In this post we’ll share our favorite engineering books for kids. These are largely picture books that are easy to read, and show how imagination and creativity can lead to great designs. Engineering can be fun. Let’s explore!
by William Kamkwamba and Bryan Mealer
I first came across William Kamkwamba’s in his TED Talk and was inspired; and also a bit humbled. His resourcefulness and situation put my own daily struggles in perspective. A 14 year old boy building a windmill out of spare parts and junk to save his starving village seems like it should be a storybook. This one happens to be true.
Watch William’s TED Talk; it’s only 5 minutes long, and sets the stage for his accomplishments.
A severe drought had crippled the farming community where William grew up. Crops withered along with hope. His family ate only one small meal a day, and William had to drop out of school.
Starting with nothing more than a dream and hunger (both figuratively and literally) William devoured science books in the local library. But it wasn’t as easy as simply picking up a book. William did not speak or read much English, and had to use dictionaries to translate. Even so, he learned how machines worked and came across information on a windmill. He learned that windmills can produce electricity and pump water; two things his village was lacking.
He decided to build a windmill. But how? He would have to use whatever was available.
As William began picking trash from the local junkyard, his neighbors thought he was crazy. As he put pieces together and the windmill started to take shape, some people started to help. When the wind finally turned the blades and lit up a light bulb William had connected to the windmill, he proudly proclaimed, “I have made electric wind!”
What an incredible feat of engineering! Also William’s determination, grit, and ingenuity serve as a role model for kids and adults alike.
You can also see William’s first ever Ted Talk here. He had never been away from home, and spoke a little bit of English. The difference in his command of language and his stage presence is remarkable in the two year span between these talks.
by Kobi Yamada
Illustrated by Mae Besom
Sometimes the most brilliant things are so simple. This is a powerful book, yet so innocent and disarming. One day an idea pops up in a young boy’s life, as ideas tend to do. The idea is in the form of a golden egg with a crown.
At first, the boy denies the idea and walks away (as we often do with new ideas.) The idea followed him. And the more he got used to the idea, it started to grow on him. Still, he kept it hidden. I shudder to think how many ideas are lost because we are too lazy to act, or too afraid others may not like our ideas.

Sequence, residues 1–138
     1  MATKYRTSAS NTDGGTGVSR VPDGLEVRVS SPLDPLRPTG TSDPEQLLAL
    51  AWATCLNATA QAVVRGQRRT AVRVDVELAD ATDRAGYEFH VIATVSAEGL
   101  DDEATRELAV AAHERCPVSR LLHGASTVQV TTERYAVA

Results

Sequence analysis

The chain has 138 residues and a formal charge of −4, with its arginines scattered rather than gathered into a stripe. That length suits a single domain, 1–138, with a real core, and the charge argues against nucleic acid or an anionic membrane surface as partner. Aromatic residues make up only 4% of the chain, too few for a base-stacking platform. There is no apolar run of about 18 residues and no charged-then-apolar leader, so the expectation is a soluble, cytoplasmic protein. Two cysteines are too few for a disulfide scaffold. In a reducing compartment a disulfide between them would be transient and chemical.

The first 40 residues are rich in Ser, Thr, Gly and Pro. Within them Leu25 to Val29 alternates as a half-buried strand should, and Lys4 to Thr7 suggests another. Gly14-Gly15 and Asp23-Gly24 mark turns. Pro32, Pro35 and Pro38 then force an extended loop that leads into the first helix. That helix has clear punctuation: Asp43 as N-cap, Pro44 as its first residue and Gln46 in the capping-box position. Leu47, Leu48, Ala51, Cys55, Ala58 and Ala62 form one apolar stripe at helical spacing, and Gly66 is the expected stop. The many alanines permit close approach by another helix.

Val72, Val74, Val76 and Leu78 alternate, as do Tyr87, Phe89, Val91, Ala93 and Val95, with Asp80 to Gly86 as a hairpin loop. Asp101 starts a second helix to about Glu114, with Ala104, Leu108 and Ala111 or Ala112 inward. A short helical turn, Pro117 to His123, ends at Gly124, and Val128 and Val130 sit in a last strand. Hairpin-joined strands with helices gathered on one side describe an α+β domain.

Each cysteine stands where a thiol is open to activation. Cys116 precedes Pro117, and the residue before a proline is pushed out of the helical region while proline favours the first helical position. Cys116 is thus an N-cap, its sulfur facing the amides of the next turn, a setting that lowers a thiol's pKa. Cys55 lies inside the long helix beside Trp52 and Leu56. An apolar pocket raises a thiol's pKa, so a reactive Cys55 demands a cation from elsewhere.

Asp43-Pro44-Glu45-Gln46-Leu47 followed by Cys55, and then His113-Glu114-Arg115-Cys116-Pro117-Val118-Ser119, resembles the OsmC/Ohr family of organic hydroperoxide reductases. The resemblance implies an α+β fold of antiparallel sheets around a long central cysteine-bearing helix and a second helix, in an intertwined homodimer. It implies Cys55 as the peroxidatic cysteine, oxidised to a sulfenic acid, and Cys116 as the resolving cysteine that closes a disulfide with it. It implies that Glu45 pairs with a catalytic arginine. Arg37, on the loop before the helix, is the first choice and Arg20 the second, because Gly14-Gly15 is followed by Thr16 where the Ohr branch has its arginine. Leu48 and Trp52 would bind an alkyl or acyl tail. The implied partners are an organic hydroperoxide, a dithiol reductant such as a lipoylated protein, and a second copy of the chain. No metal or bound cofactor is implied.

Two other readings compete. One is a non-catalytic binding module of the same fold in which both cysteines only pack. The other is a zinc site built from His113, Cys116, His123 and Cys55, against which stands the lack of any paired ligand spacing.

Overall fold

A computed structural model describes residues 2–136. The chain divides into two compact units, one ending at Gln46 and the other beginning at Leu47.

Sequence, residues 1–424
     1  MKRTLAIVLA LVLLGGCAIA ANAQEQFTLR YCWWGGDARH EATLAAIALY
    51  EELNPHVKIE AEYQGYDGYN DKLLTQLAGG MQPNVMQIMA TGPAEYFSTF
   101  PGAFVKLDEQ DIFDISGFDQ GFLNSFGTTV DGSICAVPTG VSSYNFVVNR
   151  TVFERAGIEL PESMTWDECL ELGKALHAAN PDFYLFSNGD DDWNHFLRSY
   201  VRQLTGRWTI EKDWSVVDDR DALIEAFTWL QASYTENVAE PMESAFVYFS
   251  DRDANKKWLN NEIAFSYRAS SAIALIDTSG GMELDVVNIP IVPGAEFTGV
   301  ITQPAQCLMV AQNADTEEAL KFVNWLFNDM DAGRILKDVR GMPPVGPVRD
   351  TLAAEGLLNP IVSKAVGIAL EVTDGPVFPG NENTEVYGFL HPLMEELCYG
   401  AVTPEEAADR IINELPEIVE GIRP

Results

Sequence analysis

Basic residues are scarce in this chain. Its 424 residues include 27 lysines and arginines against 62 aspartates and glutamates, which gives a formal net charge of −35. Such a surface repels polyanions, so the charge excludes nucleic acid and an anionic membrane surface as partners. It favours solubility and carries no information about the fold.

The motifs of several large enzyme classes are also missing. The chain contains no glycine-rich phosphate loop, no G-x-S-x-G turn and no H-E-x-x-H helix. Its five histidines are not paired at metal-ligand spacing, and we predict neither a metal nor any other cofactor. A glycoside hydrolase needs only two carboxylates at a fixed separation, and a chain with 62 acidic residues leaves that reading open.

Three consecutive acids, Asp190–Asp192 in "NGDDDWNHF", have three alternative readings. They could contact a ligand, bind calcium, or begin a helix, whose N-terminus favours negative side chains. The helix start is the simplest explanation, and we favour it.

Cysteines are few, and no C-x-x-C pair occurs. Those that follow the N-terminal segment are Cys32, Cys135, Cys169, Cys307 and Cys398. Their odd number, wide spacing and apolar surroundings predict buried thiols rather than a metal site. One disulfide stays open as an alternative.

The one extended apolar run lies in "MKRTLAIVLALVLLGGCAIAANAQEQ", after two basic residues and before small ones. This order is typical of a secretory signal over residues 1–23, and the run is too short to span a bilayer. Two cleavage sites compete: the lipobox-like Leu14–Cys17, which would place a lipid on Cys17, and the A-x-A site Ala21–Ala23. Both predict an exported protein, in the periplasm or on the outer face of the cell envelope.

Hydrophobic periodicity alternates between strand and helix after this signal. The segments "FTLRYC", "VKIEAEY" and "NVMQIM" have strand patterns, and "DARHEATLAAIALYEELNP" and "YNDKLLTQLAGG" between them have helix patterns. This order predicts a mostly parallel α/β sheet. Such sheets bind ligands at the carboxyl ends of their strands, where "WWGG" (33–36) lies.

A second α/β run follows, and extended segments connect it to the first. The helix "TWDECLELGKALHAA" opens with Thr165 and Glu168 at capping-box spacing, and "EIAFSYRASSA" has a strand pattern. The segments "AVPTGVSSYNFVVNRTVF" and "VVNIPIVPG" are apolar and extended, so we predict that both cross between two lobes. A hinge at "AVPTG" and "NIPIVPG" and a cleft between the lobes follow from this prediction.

As the boy paid more attention to the idea, the egg grew bigger. Eventually, he began to show the idea to others. Sure, some thought it was silly or just didn’t like it. He even wavered a bit with doubt and second thoughts. Uncertainty aside, by this point the boy was committed to his idea and didn’t seem to care. The egg was his friend. He protected it. He loved it.
The idea began to change how the boy viewed the world. He started to see things a bit differently than everyone else. One day, suddenly, the idea “went from being here to being everywhere.” It wasn’t just part of the boy anymore, but part of everything.
The use of color in this book is striking. While nurturing the egg, there is a limited color pallet. The idea itself is a golden egg, while the only other colors are drab greens and browns. Toward the end of the book when the idea takes off, the pages explode with bright colors. Again, simple but powerful.
Ideas are something that happen to all of us, so it’s easy to relate to the young child in the story. We have all felt this way. We all have lost or neglected ideas. We often resist them at first, though some ideas have a bit more tenacity and demand our attention. That’s how ideas grow.
Everything begins as a thought, an idea. Everything. What starts as the smallest idea can change the world. Read this book to your children to illustrate the importance of nurturing and protecting their ideas. Read it to yourself for exactly the same reasons.
What Do You Do With An Idea? Is a winner of the Independent Publisher Book Award, and a New York Times bestseller.
by Andrea Beaty
Iggy Peck had a passion for building and architecture from early on, using anything on hand to build what he dreamed. Dirty diapers, dirt clods, food, and sticks of chalk; he would use whatever was on hand to create. That is, until a teacher squashed his dreams.
Teachers are so influential in children’s early years. One offhand remark can wound so deeply as to squelch a child’s interest. On the other hand, teachers wield great power in the support and encouragement they can give a child.
While on a field trip, the class gets stranded on an island. The teacher fainted, and by the time she awoke, young Iggy had constructed a bridge and led the class to safety. He used his gift to save the day.
This book could be a great jumping off point for STEM challenges. What household items could you use to build a bridge? A skyscraper? What could you build with just cardboard boxes, or paper cups? Try using whatever is on hand, just like Iggy. Just be sure to empty the diaper bin before letting them loose.
by Andrea Beaty
Aspiring engineer Rosie loved to invent, until a dear uncle laughed at her invention. Discouraged by the disapproval of a trusted adult, Rosie lost some of her enthusiasm. She still tinkered, but hid her talent away, until inspired to help her great aunt (Rosie the Riveter) check off her last bucket list wish and fly.
Rosie designs a flying machine for her aunt, and when it crash’s so does Rosie’s spirit. Her aunt delivers one of the best messages every scientist and engineer must learn. Failure is often only a lesson. It’s only truly failure if you quit.
Rosie went back to work with the “We can do it” attitude that made her great aunt famous.
This book embodied the idea of failing, adapting, and moving on so well, we took a look at Rosie Revere, Engineer in this post about learning from failure.
by Ashley Spires
As the girl in the story tries to build her “magnificent thing,” she reworks it. She tries different ideas, but they seem to fall short of the idea in her head. She works harder until she is frustrated and angry.
She takes a break, which provides some much needed clarity and perspective. When she returns to working, the ideas flow. She realizes her original ideas weren’t totally off the mark, and has more focus. Others find magnificent things in the parts she discards, and eventually she settles on her own magnificent thing.